Then, he quit. Considered his life and his life's work, his vocation and his avocation, his calling and his career. And he quit. Cold turkey. No new job, no gig down the street, no skeletons chasing him from the closet, no book contract. No crisis of faith. No nothing. Just a mortgage to pay, kids to send to college, and a sense it was the right thing to do.

He left.

He told me it was because his soul ached. So he left church.

Wow. Made we wonder. Would I be brave enough to do that? Would you?

Not just leave church necessarily. But leave anything that seems to fit? Would we leave the certain for the uncertain? Would we?

Saturday, December 12, 2009

Friendship, aged almost-eight.

Two little girls in the backseat of a car, balloons tied around their almost eight year-old wrists, one pink, one yellow. Giggles and whispers and jokes that only their certain subset of the species understands.

Pop! The pink balloon shoots shreds of itself around the car.

Tears follow. Big, big drops.

"Here, you can have my balloon," the yellow-tied girl offers. "Or..." Her eyes are questioning. Or what? Or what? Or what?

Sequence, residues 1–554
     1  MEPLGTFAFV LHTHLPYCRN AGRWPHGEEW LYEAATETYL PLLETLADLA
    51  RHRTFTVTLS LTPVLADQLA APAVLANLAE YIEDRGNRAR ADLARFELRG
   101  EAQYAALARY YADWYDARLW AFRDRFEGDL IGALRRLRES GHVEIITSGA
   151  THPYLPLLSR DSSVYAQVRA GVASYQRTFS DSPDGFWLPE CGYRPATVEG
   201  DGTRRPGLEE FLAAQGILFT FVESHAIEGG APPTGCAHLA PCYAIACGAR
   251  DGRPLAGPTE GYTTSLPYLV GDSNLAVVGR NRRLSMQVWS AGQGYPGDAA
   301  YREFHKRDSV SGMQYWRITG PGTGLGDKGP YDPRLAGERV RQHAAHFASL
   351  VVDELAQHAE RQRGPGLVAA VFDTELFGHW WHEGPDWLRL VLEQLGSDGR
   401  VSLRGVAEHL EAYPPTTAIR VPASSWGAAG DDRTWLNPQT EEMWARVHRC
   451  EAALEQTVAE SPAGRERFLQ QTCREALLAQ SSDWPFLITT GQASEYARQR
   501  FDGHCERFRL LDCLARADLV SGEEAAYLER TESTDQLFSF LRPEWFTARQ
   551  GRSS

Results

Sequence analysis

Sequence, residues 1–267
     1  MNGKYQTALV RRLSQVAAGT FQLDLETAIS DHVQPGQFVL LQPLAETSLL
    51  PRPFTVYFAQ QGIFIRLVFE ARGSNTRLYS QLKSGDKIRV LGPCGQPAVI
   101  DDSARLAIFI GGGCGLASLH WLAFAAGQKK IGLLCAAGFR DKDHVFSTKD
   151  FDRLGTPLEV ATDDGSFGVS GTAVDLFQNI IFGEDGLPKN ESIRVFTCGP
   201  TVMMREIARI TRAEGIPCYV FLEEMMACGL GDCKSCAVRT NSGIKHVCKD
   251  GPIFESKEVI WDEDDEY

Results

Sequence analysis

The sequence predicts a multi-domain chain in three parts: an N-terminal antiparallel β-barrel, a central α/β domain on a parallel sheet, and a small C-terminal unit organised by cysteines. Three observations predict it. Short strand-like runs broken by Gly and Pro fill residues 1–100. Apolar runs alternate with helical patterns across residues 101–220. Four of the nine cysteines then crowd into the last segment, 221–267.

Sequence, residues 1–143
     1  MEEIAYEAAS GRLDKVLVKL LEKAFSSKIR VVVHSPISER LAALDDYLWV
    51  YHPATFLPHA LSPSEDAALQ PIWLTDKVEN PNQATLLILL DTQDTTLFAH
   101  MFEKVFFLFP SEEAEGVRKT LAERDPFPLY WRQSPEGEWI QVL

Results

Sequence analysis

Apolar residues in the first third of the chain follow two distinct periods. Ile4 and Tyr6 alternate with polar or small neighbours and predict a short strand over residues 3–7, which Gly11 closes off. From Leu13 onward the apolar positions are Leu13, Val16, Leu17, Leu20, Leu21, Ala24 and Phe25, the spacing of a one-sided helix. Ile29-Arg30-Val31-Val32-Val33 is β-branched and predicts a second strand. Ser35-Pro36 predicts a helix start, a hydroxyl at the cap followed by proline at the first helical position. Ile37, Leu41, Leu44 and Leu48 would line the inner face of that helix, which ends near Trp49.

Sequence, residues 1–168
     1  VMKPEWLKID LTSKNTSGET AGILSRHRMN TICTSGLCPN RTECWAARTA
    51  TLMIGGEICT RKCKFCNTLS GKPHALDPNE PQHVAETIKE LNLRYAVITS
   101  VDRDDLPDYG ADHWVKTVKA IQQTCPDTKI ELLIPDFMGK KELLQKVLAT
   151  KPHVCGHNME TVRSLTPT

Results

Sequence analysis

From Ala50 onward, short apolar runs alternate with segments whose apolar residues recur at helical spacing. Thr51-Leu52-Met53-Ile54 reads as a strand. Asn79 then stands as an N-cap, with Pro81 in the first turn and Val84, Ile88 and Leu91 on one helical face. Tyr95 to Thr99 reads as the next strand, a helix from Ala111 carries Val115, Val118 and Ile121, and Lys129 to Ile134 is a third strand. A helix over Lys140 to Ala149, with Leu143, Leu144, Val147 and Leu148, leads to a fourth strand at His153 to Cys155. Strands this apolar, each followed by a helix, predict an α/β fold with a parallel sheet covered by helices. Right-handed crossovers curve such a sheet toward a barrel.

"Or...I'll pop mine, too."

"You would," the other asks, not wanting that to happen but amazed that it would.

Pop! The yellow balloon goes to meet the pink one in balloon heaven or wherever balloons go when they die.

Tears end. Laughter, much laughter, follows.

Friendship, aged almost-eight.

Friday, December 11, 2009

Managing People's Disappointments

The voice rounds the corner several steps ahead of its person. Both are big and jovial, the voice and its carrier.

"So, sorry to disappoint you all, Miz Laura. You ladies are doin' such a fine job, there's jes no money in our little ole city's budget. Ask ole Matt there's he's been after us to fund his project for three, four years now. Matt, you know how it is, how disappointing it is. Talk with Miz Laura here and these fine ladies."

Before they know it, Matt and Miz Laura have been pulled together as a team, each consoling the other with words of disappointment about their failed requests for funding. Each nodding in agreement with the mayor who left them in the hallway as he sproinged down the steps of the Zen Town Hall.